Tuition Equalization Grants might be on the chopping block as Texas makes cuts to its budget this year.
Texas students and administrators should start working now on a Plan B for college funding in the fall.
The state awards eligible students in private universities up to $3,808 per school year and for students in “exceptional need,” the state can award up to $5,712. About $4 million in TEG each year comes to ACU students – a noteworthy level of funding.
To prevent the state from significantly cutting TEG, Dr. Phil Schubert, president of the university; Dr. Kenneth Starr, president of Baylor University; and Dr. Dennis Ahlburg, president of Trinity University, met with key Texas legislators earlier this semester. They discussed the importance of these grants to students enrolled in private universities.
However, with the budget situation in Texas this year, TEG likely will undergo at least some cuts, said Suzanne Allmon, senior adviser to the ACU president.
We appreciate Schubert’s and other members of the Independent Colleges and Universities of Texas, Inc.’s support of TEG and dedication to preserving the grants as much as possible, but students and administrators must be prepared for cuts.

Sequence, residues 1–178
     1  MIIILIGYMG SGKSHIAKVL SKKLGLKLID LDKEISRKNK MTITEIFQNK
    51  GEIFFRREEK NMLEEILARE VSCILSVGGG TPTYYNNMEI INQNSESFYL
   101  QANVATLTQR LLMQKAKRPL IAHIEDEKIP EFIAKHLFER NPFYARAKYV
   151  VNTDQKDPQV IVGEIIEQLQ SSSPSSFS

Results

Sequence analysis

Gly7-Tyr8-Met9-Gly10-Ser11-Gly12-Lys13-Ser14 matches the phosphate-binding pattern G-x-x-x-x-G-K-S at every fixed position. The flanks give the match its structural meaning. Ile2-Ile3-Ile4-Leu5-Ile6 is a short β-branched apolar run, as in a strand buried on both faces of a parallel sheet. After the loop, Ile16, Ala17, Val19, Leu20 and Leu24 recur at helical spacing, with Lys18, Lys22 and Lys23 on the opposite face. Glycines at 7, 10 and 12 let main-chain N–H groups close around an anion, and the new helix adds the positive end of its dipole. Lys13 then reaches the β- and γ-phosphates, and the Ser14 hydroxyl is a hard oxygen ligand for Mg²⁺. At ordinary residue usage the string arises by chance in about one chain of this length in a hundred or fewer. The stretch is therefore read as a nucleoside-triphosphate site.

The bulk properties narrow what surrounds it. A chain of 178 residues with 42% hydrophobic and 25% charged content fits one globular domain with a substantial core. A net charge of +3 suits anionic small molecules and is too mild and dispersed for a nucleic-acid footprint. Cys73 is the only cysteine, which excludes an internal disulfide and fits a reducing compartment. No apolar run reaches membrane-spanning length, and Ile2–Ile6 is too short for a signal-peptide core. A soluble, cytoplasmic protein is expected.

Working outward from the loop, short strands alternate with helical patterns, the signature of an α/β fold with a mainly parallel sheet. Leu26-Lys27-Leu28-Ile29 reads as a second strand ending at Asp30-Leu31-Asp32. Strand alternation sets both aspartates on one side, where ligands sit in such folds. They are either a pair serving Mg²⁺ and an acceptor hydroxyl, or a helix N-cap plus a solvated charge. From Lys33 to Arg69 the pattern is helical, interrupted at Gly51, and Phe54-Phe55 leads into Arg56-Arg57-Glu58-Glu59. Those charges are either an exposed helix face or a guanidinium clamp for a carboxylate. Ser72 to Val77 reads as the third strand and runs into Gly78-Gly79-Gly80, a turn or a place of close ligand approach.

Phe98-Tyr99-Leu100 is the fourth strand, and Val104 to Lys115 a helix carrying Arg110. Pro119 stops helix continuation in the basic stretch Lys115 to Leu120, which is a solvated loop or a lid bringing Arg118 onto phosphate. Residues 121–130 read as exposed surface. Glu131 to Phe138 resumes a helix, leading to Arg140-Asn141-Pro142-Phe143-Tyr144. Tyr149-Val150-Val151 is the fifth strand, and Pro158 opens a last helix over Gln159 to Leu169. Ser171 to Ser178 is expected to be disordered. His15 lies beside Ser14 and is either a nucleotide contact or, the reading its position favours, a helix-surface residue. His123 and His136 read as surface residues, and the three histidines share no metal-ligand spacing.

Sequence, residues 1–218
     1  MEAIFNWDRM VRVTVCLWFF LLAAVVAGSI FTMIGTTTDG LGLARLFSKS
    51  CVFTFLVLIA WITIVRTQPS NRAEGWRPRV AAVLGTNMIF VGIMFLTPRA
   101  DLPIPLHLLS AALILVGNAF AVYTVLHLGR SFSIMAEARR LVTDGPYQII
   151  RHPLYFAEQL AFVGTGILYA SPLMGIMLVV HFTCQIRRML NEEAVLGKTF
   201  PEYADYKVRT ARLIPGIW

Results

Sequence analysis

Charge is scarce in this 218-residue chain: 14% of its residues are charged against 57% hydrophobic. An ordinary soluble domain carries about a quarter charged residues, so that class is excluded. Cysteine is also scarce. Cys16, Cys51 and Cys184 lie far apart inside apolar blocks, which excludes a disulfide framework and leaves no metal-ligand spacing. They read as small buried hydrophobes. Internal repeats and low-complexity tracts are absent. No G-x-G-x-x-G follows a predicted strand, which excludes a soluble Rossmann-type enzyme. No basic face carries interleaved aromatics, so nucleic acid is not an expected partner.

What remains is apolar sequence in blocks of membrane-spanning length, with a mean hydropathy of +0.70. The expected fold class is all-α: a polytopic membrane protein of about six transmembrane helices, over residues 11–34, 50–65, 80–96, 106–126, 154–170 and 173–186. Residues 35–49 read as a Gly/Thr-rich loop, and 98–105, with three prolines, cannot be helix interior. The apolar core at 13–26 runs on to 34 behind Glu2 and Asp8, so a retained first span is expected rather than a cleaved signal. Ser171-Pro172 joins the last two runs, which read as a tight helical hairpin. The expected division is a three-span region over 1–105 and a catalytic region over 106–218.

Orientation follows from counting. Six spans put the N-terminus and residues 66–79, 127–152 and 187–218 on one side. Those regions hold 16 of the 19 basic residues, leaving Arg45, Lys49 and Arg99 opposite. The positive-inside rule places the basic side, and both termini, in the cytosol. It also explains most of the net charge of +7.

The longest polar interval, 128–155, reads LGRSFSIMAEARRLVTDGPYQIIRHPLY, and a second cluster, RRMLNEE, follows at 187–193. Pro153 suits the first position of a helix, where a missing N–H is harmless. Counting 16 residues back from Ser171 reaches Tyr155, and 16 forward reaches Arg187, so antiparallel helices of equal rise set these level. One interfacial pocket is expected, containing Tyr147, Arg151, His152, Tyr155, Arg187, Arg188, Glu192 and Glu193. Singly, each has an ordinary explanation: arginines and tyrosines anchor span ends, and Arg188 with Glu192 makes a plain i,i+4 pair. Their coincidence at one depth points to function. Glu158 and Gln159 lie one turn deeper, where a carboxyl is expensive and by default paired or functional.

Schubert said ACU won’t make any significant back-up plans until it’s determined whether their will be cuts and how much will be cut. However, students receiving TEG must be aware of what could happen, and start looking for additional means of funding in advance.
Administrators also should think about how they best can serve the needs of students relying heavily on TEG. They should make these students aware and help them find different ways to pay for college because, if the university loses students, it also loses money. With more time to research alternatives, students could apply for more scholarships, grants or summer jobs.
Although we would rather prevent TEG cuts all together, students relying on grants still should know what could happen, and prepare accordingly – for their and the university’s sake.